“The only treatment options are currently medicine, and at some point the medicine is not enough, and these patients get really sick at home,” Clifton said. “And by sick I mean – a heart failure patient is someone who can’t walk to the mailbox, they get out of breath, they get fluid overloaded, they get all this painful swelling in their bodies, and their heart can’t pump effectively enough. At some point, medicine no longer works, and the next best treatment option is when they’re so sick they need a transplant, or a big heart pump surgery. We’re trying to build a device that plays somewhere in the middle, and can maintain the quality of life for these patients.”
Read on the learn more about Clifton’s journey to Procyrion, and Procyrion’s journey to getting its innovative heart pump to the medical market.
SH: I want to start of by going into how you got involved with Procyrion, and what your role has been and how you have seen the company grow.
I was a biomedical engineer when I was in undergrad, and I loved the hands-on aspect of getting to build medical devices, and trying to solve medical problems with an engineering perspective on it. When I was in undergrad, my PI, the principal investigator, was an MD, but he had not done residency. He’d gone straight into working on medical devices, and he’s been very successful with inventions like a cochlear implant, and New York fund DARPA government projects making robotic arms. So I was like, that’s an interesting path, to do medical device development. Just being an engineer doesn’t necessarily mean you understand the disease process, or how to speak the language of doctors or what are the needs worth addressing. I thought medical school would be a really interesting way to learn all those things. I came to Houston for medical school. I went to Baylor. I started looking around town, and tryiing to find, who are the medical startups in town, and who are the people who are really doing interesting things here.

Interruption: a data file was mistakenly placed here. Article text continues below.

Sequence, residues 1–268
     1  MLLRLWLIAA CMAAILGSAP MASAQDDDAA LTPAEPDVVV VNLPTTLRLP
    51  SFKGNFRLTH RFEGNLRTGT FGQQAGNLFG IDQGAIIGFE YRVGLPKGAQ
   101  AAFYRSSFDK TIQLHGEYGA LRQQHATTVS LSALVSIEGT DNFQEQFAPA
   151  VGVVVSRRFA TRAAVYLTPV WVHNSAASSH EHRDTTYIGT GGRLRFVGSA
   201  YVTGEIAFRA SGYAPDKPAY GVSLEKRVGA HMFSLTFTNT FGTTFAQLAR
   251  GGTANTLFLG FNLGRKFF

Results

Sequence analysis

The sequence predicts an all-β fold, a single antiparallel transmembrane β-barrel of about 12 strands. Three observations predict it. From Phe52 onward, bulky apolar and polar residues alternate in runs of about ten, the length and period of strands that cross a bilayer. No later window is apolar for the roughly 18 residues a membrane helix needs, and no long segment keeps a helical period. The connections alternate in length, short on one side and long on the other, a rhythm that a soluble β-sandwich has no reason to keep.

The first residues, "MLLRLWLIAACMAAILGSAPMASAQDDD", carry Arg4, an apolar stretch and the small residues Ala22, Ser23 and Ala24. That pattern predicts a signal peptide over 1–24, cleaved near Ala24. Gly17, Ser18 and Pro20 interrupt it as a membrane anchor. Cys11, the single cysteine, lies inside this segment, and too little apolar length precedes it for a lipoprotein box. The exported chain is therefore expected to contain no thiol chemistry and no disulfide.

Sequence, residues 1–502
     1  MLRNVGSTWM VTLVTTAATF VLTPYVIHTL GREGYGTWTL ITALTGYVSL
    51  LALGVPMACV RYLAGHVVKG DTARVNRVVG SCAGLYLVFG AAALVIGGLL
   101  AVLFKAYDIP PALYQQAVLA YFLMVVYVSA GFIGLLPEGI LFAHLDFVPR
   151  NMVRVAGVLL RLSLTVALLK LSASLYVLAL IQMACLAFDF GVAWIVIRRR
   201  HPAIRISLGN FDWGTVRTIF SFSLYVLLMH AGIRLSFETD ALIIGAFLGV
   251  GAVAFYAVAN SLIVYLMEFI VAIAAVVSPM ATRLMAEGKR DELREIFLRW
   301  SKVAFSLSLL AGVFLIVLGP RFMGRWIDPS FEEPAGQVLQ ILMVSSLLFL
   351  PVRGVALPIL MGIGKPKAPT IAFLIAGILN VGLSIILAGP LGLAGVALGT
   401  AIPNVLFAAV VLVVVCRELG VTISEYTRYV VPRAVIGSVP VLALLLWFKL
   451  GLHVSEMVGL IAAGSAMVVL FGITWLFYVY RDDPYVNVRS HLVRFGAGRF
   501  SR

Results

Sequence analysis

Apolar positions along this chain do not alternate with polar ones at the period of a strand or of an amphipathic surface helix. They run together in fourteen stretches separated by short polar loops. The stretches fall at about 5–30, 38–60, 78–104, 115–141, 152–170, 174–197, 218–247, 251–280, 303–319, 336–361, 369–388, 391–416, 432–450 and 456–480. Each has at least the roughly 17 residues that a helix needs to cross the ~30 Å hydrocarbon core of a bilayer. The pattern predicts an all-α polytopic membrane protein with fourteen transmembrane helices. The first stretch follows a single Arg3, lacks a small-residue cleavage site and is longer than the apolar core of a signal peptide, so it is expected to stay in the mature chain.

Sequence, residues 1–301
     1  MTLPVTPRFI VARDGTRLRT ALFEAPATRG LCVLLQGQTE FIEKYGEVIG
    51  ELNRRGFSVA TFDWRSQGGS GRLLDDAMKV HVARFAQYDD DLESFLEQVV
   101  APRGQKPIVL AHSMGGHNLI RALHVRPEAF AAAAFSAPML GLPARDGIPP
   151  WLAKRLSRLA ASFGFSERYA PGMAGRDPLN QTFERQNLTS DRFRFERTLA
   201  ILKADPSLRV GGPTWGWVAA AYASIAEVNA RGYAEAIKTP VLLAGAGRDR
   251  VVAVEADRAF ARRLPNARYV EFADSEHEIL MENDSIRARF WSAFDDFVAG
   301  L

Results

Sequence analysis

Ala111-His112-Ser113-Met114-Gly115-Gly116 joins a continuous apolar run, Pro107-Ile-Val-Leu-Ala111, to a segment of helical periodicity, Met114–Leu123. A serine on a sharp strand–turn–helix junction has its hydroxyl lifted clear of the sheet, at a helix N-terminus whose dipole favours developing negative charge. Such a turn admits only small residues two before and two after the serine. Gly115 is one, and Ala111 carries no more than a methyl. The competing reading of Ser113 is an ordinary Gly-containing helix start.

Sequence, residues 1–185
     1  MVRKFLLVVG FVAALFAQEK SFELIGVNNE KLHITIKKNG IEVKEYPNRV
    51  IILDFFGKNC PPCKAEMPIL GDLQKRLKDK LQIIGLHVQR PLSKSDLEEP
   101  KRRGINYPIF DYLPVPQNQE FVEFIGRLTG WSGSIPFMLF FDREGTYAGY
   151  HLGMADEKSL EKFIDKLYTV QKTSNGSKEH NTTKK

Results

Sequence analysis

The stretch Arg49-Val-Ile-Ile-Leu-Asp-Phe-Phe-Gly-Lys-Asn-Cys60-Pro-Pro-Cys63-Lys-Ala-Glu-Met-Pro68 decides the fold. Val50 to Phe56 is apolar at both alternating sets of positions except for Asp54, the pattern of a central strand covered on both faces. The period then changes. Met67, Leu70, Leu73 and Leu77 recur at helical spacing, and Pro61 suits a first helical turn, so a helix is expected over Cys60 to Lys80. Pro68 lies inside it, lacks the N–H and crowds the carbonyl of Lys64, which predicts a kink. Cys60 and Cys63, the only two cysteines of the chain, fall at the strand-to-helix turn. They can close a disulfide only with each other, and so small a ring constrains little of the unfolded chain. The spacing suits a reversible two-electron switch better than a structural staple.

And I kept coming back to the cardiovascular stuff, because we have this huge history of Cooley, Frazier, Debakey, all these big names, and heart pump design and innovation. So I got plugged with as many entrepreneurial activities as I could. There was a class at Rice, Life Science Entrepreneurship. It comes every spring. I got to meet a whole lot of different mentors and role models, and one of those was Billy Cohn. And so I started working with Billy Cohn at the Texas Heart Institute. They call him the Edison of Medicine. He’s a big personality, and he’s great to work with. But he has a lot of different startup companies. He’s a serial entrepreneur. So I started shadowing him, and learning more about what it means to be a medical entrepreneur. I eventually met these people – the founder of this company is also at the Texas Heart Institute, Reynolds Delgado. I started working with him and his team as a medical student, so when I was a 4th year at Baylor, a lot of people were studying for boards, and I’d already decided that I wanted to go back into industry, so I started looking for opportunities here in Houston, and found this team here. They’re still pretty early-stage. They had just received seed-funding and was trying to close their A around. I joined as an intern, on an extended internship while I was a medical student, and then when I graduated, I got hired full-time here.